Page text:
PROFILE #4 in Our Continuing Series on Marketing Journalists
EVP & Editor in Chief
Vertical Web Media
300 S Wacker Dr Ste 1610
Chicago IL 60606
E: firstname.lastname@example.org (Use for all press releases)
http://www.internetretailer.comCirculation as of 10/01:
Monthly magazine - 35,000 controlled circ., primarily cataloguers and chain retailers (such as Macys), some dot-com pure plays. 90% USA, 10% Canadian. 52% of readers are C-level (CEO, COO, etc.) 11% EVP, Sr VP. Launched March 1999
Twice weekly (Tuesdays & Thursdays) email newsletter - 13,500 opt-in subscribers, slightly more international readership
Web site - 21,000 unique monthly visitors representing 60,000 visits.Peters' background:
Peters has been a professional journalist for 24 years, starting out in newspapers. In 1983, he switched to writing paid professional newsletters, beginning with POS News for Publisher Jack Love. As the company grew and was sold to Faulkner & Gray, which became part of mega-publisher Thomson Financial, Peters' responsibilities grew with it. Ultimately he ended up as an Executive Vice President busy with leadership and paperwork, but little journalism.
So when Thomson decided to divest itself of Internet Retailer magazine last year, Peters together with friend and publisher Love grabbed the chance to go back to the good old days when they could be hands on with a single publication. Peters says, "It's been very exciting. I just love being back reporting and writing!" Current Editorial coverage:
The focus is on Internet-related information that CEOs of major click and mortars will find useful.
Peters says, "We are a strategic pub, not just about selling on the Web, but really about all the ways retailers use the Web -- supply chain management, store management, POS terminals in stores, using the Web as a way to move information through the enterprise."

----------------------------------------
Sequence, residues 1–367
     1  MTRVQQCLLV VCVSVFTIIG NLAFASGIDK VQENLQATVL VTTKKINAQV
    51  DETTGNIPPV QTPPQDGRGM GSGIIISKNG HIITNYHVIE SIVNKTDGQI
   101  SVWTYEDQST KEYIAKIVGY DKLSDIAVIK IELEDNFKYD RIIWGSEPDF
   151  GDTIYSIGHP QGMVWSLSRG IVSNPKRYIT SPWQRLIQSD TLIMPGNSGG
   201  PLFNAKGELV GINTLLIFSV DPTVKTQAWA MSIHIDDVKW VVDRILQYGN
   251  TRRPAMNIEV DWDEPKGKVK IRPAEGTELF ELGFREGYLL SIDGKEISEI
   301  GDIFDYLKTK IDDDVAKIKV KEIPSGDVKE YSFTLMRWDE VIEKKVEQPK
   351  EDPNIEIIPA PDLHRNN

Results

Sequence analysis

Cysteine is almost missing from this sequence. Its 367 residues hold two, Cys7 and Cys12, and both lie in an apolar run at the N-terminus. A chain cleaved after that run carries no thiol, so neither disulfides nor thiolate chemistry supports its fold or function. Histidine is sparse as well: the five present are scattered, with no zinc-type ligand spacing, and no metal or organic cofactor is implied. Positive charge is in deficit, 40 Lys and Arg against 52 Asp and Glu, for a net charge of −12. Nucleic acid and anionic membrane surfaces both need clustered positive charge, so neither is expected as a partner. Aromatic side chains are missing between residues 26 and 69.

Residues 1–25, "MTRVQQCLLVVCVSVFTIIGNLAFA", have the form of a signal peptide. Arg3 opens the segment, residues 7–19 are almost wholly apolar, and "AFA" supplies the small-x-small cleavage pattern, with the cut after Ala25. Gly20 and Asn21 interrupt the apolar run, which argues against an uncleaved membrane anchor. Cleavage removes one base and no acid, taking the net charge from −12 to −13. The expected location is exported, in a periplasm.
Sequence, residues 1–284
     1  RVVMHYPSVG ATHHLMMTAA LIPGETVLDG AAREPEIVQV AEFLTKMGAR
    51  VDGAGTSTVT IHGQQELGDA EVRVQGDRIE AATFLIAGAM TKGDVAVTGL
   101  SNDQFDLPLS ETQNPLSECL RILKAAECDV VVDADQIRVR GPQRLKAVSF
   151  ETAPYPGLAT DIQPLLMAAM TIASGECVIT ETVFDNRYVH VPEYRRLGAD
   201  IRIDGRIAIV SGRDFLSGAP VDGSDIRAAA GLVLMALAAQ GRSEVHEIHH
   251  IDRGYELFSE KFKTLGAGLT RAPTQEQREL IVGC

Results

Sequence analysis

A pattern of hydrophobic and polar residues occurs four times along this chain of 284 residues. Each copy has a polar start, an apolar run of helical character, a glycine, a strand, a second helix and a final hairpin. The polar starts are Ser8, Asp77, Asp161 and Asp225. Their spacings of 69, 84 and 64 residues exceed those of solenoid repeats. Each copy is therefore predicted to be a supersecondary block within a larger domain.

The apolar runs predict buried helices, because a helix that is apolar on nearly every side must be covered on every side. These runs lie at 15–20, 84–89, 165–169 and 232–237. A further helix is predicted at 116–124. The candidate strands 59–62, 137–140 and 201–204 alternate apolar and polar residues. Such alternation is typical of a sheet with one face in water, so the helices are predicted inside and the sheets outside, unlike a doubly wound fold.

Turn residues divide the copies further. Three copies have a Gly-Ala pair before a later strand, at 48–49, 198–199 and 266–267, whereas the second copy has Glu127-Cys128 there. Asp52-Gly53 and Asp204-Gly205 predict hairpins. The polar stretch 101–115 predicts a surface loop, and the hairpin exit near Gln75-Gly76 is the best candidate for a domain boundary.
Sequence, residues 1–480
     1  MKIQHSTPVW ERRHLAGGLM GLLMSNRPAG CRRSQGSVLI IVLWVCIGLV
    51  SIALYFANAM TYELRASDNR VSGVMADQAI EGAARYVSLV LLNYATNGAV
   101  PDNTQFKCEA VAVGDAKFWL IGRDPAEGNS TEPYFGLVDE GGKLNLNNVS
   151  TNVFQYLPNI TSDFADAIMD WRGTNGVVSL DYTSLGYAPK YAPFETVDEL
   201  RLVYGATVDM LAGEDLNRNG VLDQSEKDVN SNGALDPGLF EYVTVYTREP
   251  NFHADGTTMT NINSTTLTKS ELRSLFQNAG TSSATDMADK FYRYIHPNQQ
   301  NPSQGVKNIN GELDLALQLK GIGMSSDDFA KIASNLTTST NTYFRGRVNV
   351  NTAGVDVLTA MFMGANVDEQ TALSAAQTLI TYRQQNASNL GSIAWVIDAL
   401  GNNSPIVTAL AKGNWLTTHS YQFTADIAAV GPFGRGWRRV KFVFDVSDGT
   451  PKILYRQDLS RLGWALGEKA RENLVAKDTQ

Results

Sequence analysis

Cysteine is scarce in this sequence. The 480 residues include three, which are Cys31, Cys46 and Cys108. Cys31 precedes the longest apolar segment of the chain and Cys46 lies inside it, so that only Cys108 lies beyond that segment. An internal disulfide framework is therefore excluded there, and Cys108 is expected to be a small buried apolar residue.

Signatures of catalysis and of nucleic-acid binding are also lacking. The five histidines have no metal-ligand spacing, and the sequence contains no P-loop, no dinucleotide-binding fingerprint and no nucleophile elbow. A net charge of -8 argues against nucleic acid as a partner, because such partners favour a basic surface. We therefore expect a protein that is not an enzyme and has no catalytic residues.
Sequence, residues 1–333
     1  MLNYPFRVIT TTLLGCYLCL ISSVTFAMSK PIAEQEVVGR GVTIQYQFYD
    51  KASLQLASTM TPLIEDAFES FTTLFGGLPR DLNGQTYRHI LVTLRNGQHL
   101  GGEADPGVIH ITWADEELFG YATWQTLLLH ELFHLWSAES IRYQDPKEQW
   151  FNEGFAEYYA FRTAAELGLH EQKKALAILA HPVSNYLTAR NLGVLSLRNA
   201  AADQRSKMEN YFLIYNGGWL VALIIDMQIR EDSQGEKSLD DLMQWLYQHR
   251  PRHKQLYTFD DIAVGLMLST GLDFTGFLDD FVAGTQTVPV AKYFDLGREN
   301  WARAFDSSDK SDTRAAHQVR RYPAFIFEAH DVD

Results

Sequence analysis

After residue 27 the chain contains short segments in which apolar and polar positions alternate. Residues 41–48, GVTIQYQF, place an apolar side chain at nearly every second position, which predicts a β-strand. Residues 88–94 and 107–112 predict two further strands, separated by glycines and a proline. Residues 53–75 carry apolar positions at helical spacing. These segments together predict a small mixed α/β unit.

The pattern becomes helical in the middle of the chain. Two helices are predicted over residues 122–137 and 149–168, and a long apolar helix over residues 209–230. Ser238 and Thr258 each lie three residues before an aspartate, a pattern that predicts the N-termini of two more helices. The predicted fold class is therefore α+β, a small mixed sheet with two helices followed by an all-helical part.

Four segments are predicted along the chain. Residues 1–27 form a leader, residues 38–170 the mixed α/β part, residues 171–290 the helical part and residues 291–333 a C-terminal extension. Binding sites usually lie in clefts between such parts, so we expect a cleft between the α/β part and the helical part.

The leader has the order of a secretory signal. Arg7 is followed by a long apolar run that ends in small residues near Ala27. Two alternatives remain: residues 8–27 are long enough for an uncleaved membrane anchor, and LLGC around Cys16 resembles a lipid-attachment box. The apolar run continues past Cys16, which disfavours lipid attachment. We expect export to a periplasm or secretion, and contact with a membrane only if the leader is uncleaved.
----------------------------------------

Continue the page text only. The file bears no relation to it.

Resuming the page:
He adds, "I'd like to emphasize that we are written by professional journalists with lots of experience, and we hold a very high standard for editorial content." What Peters looks for in a story pitch:
You've got to have a closely related angle. Peters tosses general tech press releases and story pitches. "If it's not specifically related to retailers and catalogs I pretty much ignore it."
New product launch press releases may get picked up as is on the InternetRetailer.com Web site, but Peters will not focus any editorial or print coverage on your new tech unless you have a retail, catalog, or dot-com client who's already tried it and they are willing to speak to results.
For example, if you're touting new search technology for Web sites, you'll need to give Peters the names of clients or beta testers who can independently explain what sort of ROI they are getting out of it.
Internet Retailer's editorial staff does an enormous amount of research for their magazine's cover stories, often speaking to 25-30 sources. While they almost never take cover story suggestions, you have a shot at being included in a story if you've gotten your name in their internal files as an expert to be contacted for background data and quotes on a particular topic.
Send "I'm an expert" pitches to the email address above, and be sure to explain precisely what you're an expert on. 'Internet retailing' is far too broad -- pick something focused. Deadlines:
Peters can take story pitches up to a month before the cover date for a particular magazine issue. The annual resource guide is published every August, so be sure to get your listing in by early July at the latest.
Send story ideas and releases in for the email newsletters and Web site at any time, but don't expect to reach Peters by phone for these as he's rarely off deadline.Submitting pre-written contributions:
The magazine accepts one outside contribution every month. Peters says, "We do get quite a few pitches for those."
Articles should be 650-1300 words in length and written with a particular point of view by a true expert in the industry. No, your article cannot promote a particular product or vendor.
The article must be exclusive to Internet Retailer. Expect extensive editing -- these folks are professional journalists and they are picky about content quality!Becoming a regular columnist
There are no regular columnists.Where you can meet Peters
Peters doesn't get out to many events because he's on deadline most of the week. He does pop over to some related shows in Chicago, and plans to attend the National Retail Federation show in New York in January 2002.Best gifts for Peters
Peters is not interested in receiving anything whatsoever. "Gifts are low on my radar screen."Peters' favorite professional publication
AIM's Internet Politics Insider at http://www.newmedia.com